I seem to be about three years late to the party on kale chips. But better late than never, right? These are the epitome of healthy junk food – there’s nothing bad in them – just kale, olive oil, sea salt, and sesame seeds – but they taste pretty sinful. Crunchy, crispy, salty and with that rich, mineral-y, sweetness that defines kale.
I used dinosaur kale, also known as Tuscan or lacinato kale, but you can use any kind. I went with the dino kale both because it looked good and also because our older son has recently gotten into dinosaurs.
In fact, two of his dinosaur pals helped us make the dino kale chips. The dinosaurs preferred the kale raw. But we liked it better in chip form.
Kale chips are good with just oil and salt but you can also dress them up in lots of ways with good results — you could add a dash of ground cumin or garam masala, or a little chili powder, or some garlic salt, or a sprinkling of smoked paprika, or a little brown sugar or a jot of maple syrup, etc.
They’re very simple to make – the only things to make sure you don’t cheat on are getting the kale fully dried, otherwise the pieces are more likely to steam than crisp, and not overcrowding the baking sheet for the same reason.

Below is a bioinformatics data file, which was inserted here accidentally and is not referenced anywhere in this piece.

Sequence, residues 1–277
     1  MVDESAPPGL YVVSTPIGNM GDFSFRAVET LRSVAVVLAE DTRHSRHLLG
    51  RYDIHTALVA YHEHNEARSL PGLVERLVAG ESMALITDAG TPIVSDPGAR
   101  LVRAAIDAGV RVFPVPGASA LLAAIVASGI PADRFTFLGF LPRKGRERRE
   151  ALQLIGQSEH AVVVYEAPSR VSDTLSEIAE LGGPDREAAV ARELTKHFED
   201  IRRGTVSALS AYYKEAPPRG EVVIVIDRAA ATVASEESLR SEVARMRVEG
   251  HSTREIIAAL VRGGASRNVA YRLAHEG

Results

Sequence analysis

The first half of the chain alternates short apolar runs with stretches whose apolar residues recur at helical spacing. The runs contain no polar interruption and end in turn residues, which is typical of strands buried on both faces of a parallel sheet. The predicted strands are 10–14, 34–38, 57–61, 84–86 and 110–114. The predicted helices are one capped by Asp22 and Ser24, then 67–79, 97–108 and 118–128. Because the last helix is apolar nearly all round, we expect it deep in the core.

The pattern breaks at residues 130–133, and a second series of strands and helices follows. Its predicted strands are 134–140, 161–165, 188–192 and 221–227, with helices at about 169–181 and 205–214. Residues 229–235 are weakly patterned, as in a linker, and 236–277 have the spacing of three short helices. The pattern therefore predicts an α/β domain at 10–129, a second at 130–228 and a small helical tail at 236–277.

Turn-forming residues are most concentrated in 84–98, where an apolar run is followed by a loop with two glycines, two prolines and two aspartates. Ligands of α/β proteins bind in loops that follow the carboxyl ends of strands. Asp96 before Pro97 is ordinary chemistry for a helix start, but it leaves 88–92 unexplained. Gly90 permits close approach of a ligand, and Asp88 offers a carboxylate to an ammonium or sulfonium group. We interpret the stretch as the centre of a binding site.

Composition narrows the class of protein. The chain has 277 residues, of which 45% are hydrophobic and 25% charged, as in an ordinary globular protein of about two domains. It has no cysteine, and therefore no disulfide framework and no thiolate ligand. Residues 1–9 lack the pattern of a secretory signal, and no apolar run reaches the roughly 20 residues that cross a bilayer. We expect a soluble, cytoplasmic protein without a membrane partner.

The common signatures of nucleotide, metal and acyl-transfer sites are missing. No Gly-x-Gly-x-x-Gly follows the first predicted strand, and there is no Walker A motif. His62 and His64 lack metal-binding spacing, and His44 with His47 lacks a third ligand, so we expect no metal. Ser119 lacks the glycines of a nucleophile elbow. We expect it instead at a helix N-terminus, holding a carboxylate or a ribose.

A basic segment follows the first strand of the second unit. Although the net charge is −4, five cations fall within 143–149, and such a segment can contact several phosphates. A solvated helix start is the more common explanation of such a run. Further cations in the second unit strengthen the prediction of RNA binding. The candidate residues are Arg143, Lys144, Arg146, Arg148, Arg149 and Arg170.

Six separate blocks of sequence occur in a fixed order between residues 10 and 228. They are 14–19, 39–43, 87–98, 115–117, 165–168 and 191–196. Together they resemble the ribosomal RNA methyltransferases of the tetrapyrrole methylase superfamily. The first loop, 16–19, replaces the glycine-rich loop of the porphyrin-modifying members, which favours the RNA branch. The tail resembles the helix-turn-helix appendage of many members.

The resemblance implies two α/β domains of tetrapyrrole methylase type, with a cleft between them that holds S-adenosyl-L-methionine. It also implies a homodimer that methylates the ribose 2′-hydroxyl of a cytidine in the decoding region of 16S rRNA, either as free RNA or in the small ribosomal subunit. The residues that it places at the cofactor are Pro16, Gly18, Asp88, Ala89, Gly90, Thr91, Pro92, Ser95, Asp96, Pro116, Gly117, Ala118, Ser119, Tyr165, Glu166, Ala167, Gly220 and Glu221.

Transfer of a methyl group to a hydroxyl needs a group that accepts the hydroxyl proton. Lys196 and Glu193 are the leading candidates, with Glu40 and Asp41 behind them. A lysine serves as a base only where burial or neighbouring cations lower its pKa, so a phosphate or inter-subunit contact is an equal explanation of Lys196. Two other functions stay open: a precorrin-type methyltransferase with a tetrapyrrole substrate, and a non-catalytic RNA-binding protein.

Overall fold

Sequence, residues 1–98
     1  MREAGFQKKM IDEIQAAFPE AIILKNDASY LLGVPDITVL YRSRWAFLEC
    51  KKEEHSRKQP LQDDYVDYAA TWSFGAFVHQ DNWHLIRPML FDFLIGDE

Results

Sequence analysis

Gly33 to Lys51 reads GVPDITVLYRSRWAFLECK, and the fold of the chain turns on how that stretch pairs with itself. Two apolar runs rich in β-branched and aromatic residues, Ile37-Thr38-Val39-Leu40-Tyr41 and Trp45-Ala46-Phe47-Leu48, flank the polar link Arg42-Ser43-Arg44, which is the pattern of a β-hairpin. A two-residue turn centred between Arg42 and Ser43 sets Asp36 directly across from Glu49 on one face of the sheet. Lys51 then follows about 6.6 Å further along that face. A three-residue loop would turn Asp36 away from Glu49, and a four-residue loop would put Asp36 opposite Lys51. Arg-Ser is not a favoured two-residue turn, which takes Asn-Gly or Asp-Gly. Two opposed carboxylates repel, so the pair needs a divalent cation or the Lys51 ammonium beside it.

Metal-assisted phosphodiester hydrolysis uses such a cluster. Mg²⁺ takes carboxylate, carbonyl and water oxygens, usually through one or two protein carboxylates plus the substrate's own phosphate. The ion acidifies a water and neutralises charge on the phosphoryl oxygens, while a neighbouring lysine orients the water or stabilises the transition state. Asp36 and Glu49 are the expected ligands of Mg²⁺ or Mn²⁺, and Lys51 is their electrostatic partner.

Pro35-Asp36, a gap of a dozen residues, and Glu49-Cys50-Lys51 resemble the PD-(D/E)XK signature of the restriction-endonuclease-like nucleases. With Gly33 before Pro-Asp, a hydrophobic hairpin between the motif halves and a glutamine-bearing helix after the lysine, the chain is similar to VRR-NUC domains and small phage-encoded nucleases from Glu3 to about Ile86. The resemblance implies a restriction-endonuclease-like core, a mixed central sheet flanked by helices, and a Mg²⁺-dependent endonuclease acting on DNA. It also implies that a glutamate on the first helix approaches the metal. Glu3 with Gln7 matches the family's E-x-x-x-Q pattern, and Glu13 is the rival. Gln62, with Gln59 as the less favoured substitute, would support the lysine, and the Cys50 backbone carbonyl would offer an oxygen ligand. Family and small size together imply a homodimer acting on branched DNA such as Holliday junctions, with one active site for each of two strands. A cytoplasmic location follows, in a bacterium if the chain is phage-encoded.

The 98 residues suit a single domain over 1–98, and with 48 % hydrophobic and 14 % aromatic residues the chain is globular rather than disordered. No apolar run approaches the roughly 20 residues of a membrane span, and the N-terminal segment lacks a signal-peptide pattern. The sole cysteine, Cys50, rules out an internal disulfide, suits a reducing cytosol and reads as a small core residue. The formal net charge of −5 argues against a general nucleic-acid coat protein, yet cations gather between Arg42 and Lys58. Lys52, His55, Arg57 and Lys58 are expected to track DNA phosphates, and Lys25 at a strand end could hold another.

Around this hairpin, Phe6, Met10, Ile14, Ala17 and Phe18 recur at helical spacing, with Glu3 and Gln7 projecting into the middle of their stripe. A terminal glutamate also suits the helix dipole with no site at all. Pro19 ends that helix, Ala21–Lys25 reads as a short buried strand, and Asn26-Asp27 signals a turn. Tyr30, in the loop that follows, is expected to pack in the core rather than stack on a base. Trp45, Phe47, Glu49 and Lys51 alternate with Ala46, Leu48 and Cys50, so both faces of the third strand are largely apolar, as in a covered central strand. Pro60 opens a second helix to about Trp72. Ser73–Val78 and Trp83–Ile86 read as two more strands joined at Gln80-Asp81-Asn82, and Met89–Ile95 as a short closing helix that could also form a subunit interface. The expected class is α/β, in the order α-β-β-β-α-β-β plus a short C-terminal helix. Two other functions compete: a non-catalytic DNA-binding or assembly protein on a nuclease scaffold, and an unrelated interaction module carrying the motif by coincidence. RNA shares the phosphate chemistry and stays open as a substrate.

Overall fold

These make a great snack. Oh, yeah, and they’re pretty good for you, too.
Crunchy Kale Chips With Sea Salt & Sesame Seeds
Serves 4 as a snack
* 1 bunch of kale, washed and fully dried
* Olive oil (you’ll probably need at least 2 Tbsps)
* Sea salt to taste
* Sesame seeds to taste
1. Preheat oven to 300 degrees F. Remove the leaves from the center rib of the kale and tear them into large pieces. Place leaves in a large bowl and drizzle with olive oil, salt and sesame seeds and toss until completely coated.
2. Divide the kale leaves between two heavy-duty baking sheets and arrange in a single layer. Many recipes call for you to line the sheets with parchment paper but it’s not necessary unless you are really skimping on the oil – my chips did not stick at all.
3. Bake for 25 minutes, or until crisp – the cooking time will depend somewhat on the thickness of the leaves and the size of the pieces. You can eat them as soon as they’ve cooled down enough to grab. Feel free to adjust your seasonings after they’re out of the oven, too.
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